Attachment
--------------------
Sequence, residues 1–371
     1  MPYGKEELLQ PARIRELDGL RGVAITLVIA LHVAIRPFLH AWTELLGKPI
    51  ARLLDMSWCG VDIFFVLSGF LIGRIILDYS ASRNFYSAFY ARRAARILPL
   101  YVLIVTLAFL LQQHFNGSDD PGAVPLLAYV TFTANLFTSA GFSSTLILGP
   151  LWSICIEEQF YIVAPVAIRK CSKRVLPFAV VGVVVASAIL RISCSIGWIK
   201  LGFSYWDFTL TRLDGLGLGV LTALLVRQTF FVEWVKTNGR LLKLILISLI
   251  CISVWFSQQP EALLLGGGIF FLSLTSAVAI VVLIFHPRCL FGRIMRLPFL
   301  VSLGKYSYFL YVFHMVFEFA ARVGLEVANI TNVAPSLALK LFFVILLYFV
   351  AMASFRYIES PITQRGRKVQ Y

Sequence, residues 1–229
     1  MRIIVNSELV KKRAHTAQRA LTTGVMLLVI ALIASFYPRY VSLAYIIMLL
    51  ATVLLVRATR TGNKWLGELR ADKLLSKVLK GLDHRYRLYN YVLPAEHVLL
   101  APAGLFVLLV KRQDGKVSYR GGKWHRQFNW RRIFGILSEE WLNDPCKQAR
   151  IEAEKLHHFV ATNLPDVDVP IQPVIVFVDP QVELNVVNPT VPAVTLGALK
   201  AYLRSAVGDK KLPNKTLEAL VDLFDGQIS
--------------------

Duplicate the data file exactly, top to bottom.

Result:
Sequence, residues 1–371
     1  MPYGKEELLQ PARIRELDGL RGVAITLVIA LHVAIRPFLH AWTELLGKPI
    51  ARLLDMSWCG VDIFFVLSGF LIGRIILDYS ASRNFYSAFY ARRAARILPL
   101  YVLIVTLAFL LQQHFNGSDD PGAVPLLAYV TFTANLFTSA GFSSTLILGP
   151  LWSICIEEQF YIVAPVAIRK CSKRVLPFAV VGVVVASAIL RISCSIGWIK
   201  LGFSYWDFTL TRLDGLGLGV LTALLVRQTF FVEWVKTNGR LLKLILISLI
   251  CISVWFSQQP EALLLGGGIF FLSLTSAVAI VVLIFHPRCL FGRIMRLPFL
   301  VSLGKYSYFL YVFHMVFEFA ARVGLEVANI TNVAPSLALK LFFVILLYFV
   351  AMASFRYIES PITQRGRKVQ Y

Sequence, residues 1–229
     1  MRIIVNSELV KKRAHTAQRA LTTGVMLLVI ALIASFYPRY VSLAYIIMLL
    51  ATVLLVRATR TGNKWLGELR ADKLLSKVLK GLDHRYRLYN YVLPAEHVLL
   101  APAGLFVLLV KRQDGKVSYR GGKWHRQFNW RRIFGILSEE WLNDPCKQAR
   151  IEAEKLHHFV ATNLPDVDVP IQPVIVFVDP QVELNVVNPT VPAVTLGALK
   201  AYLRSAVGDK KLPNKTLEAL VDLFDGQIS